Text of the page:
C. Youth Leader Exchange: In 2004, Seeds of Peace launched “Beyond Borders/Bila Hodood: Arabs and Americans in the 21st Century.” Beyond Borders brings together 62 young leaders and 23 education officials from 6 American cities and 6 Arab countries—namely Iraq, Saudi Arabia, Kuwait, Egypt, Jordan, and Yemen—for cultural and political exchange in both the US and the Middle East. In August 2004, this group spent two weeks at the Seeds of Peace International Camp in Maine. Participants engaged in serious, honest, and open discussions on the complex issues facing the US and the Middle East. In March 2005, all participants will reconvene in the Middle East to continue their efforts and deepen their understanding on core issues through site visits, discussions with field experts, and interaction with Arab and American political figures. Having had firsthand experiences in both the US and the Middle East, the group will be uniquely equipped to engage and educate their communities and others, providing a ripple effect that will reach many more. Seeds of Peace seeks to expand Beyond Borders in its second year, dramatically increasing the number of participants and engaging young people in such countries as Lebanon, Syria, Bahrain, and the UAE among others.
D. Muslim Leaders of Tomorrow: The ASMA Society’s Cordoba Initiative proposes to convene young Muslim leaders from the US and the broader Muslim world to expand its network of Muslim Leaders of Tomorrow (MLT). The mission of the MLT is to foster a unified, uniquely American voice of Islam capable of accelerating the development of a healthy Islamic identity that is both Western and closely connected to Muslim communities worldwide. MLT will act as a platform and network of emerging young Muslim leaders who are committed to this mission and have the capacity to act as change agents. With funding from the National Center for Community and Justice, ASMA launched the MLT in December 2004, convening 100 emerging Muslim American leaders, aged twenty-five to forty-five, for a retreat in New York. ASMA now seeks to expand this network by convening two meetings, in New York and Amman, of 100 Muslim American youth leaders and 100 Muslim youth leaders from other countries around the globe. These meetings will build the MLT’s leadership skills in media relations, social justice advocacy, and education; while providing a forum for them to develop action plans around shared concerns and the improvement of Islamic-Western relations. This network would energize intra-Muslim dialogue while building the capacity of Muslim Americans to play a larger role as spokespersons and leaders in American society and in the global Muslim community.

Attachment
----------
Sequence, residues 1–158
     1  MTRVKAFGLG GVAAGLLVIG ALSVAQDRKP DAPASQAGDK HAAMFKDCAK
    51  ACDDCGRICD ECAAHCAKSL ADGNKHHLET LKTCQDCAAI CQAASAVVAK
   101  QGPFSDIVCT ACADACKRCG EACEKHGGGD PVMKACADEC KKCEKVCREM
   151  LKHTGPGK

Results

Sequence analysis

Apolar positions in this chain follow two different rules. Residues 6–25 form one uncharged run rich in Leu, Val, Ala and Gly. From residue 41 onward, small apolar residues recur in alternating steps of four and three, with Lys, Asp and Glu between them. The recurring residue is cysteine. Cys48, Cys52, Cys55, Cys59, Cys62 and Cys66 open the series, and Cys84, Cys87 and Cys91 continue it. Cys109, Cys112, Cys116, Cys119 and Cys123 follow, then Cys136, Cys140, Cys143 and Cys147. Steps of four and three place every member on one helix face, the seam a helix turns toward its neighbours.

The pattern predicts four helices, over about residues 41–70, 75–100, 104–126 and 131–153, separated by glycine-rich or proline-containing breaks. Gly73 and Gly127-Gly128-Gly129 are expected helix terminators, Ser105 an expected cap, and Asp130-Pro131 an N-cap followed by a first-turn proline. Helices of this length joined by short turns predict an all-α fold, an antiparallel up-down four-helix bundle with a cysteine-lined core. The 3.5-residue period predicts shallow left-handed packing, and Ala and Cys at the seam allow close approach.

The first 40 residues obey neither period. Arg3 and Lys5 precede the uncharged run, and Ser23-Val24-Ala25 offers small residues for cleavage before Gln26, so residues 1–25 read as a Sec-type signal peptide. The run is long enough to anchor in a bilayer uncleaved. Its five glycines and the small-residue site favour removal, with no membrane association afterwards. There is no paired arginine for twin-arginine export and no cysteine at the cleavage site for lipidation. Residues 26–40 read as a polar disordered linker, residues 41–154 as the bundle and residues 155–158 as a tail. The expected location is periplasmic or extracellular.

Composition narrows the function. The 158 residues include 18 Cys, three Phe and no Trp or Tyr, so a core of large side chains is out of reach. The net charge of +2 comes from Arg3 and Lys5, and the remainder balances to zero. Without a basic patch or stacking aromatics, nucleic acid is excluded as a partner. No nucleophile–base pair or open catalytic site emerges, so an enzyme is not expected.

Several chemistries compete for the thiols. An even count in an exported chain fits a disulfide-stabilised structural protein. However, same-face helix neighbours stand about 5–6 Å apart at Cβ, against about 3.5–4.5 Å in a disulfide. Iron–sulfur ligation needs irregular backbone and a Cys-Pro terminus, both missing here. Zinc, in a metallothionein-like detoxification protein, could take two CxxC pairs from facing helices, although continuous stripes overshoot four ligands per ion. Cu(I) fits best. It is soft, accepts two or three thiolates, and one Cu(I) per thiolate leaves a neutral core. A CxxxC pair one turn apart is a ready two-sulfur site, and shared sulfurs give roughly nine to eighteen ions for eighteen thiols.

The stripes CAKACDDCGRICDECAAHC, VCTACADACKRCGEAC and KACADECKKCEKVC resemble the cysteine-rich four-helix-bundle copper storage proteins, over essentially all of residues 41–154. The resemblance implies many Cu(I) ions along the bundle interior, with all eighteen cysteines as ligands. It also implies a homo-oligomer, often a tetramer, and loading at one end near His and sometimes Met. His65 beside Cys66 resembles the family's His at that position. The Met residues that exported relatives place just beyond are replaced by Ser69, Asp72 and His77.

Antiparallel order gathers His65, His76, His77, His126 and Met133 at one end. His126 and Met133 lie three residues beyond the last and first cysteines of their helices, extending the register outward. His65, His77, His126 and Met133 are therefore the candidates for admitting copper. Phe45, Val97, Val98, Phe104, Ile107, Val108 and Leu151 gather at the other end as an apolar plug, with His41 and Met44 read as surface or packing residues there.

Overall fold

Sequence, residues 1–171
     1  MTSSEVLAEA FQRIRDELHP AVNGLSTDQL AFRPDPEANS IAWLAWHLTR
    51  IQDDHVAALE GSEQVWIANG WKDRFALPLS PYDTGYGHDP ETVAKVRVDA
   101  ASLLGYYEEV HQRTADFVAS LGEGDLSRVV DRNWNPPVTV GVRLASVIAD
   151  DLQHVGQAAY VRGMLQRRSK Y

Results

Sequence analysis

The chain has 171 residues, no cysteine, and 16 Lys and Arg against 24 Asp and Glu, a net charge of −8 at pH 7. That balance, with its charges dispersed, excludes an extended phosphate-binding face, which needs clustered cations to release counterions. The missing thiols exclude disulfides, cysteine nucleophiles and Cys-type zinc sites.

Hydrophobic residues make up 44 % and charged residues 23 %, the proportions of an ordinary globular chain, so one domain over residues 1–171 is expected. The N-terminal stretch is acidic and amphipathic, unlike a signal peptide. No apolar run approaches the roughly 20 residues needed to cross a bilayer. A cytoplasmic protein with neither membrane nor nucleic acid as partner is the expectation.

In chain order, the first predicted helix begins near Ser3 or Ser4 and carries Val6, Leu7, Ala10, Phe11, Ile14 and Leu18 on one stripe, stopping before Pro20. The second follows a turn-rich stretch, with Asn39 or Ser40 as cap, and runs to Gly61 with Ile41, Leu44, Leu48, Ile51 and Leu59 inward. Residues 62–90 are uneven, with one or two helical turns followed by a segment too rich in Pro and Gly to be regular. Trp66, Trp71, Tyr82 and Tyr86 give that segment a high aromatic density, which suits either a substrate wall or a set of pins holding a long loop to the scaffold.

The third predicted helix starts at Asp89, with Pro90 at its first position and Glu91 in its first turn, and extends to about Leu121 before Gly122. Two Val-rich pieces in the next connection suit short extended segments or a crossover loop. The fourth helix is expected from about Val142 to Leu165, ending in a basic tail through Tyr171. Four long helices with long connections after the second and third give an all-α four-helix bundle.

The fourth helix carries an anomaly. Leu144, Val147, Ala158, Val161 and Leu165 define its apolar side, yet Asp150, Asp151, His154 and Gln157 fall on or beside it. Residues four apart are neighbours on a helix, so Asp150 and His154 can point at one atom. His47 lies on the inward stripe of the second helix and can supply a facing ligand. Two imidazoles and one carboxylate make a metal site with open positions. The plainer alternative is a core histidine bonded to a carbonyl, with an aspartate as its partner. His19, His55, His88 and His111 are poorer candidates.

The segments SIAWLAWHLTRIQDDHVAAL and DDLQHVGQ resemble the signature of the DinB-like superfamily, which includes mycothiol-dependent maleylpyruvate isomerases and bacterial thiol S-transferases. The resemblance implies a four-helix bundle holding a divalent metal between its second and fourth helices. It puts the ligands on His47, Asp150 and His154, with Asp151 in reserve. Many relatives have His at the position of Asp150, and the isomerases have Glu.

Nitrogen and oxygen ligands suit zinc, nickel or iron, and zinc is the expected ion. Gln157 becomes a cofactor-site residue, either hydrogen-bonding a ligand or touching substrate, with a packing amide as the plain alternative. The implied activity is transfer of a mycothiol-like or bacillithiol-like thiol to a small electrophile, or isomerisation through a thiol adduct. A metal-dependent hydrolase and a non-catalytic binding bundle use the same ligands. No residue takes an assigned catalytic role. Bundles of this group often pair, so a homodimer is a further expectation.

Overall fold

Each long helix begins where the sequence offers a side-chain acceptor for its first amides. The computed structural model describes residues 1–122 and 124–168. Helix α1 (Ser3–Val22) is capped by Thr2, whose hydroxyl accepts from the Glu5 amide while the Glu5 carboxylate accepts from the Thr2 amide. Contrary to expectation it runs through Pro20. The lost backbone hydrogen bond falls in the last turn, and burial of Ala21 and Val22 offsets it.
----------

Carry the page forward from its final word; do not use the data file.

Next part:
E. Mid-Career Professionals Exchange: The 21st Century Trust proposes to convene four meetings of leaders under the age of 40 in business, government, NGOs, the media and other sectors from the West and from predominantly Muslim countries. Following an initial two-day consultation in Cairo entitled Islam and the West: framing the dialogue, during which participants would identify key issues to address in the coming three sessions, 25 participants would meet for one week to focus on one of the following three themes in each of the locations noted: Religion and modernity: how far is globalization a threat to faith communities? (Ifrane, Morocco); Governance, minorities, and human rights: seeking commonalities, acknowledging differences (Oxfordshire, UK); a week in October 2006; In the face of terror: how can the international community re-build peace? (Amman, Jordan). Participants would be invited to become members of the 21st Century Trust Fellowship, a network of over 1,000 individuals from 100 countries who engage in an ongoing series of conferences, debates and discussions about the pressing questions of the world.
IV. Demonstrating Cooperation Through Pop- and High-Culture
A. Reconciliation Reality Television: Capitalizing on the popularity of “reality” television formats, the C-100 Secretariat is in discussion with television broadcasters for the production of the first reconciliation reality TV program, for broadcast in Europe, the U.S., and in the Arab world. The program will feature Europeans and Americans of diverse socio-economic and religious backgrounds mixed with similarly diverse Muslim participants from five predominantly Muslim countries in the Middle East and Southeast Asia. Participants in the TV show will face challenges that require cooperation for them to prevail, punctuated by dialogue and reflection on the personal and political differences that they confront as they get to know and rely on one another. The program would be developed with sensitivity to diverse cultural norms in order to gain a lot of viewers. The aim would be to produce a TV program that attracts millions of viewers in the US, Europe, and the Muslim world, who would be rooting for (for example) Egyptian, Iranian, Indonesian, Saudi, American, and European contestants to prevail together in the face of obstacles. The program would offer venues for audience interaction through text-messaging and internet-based dialogue around the show.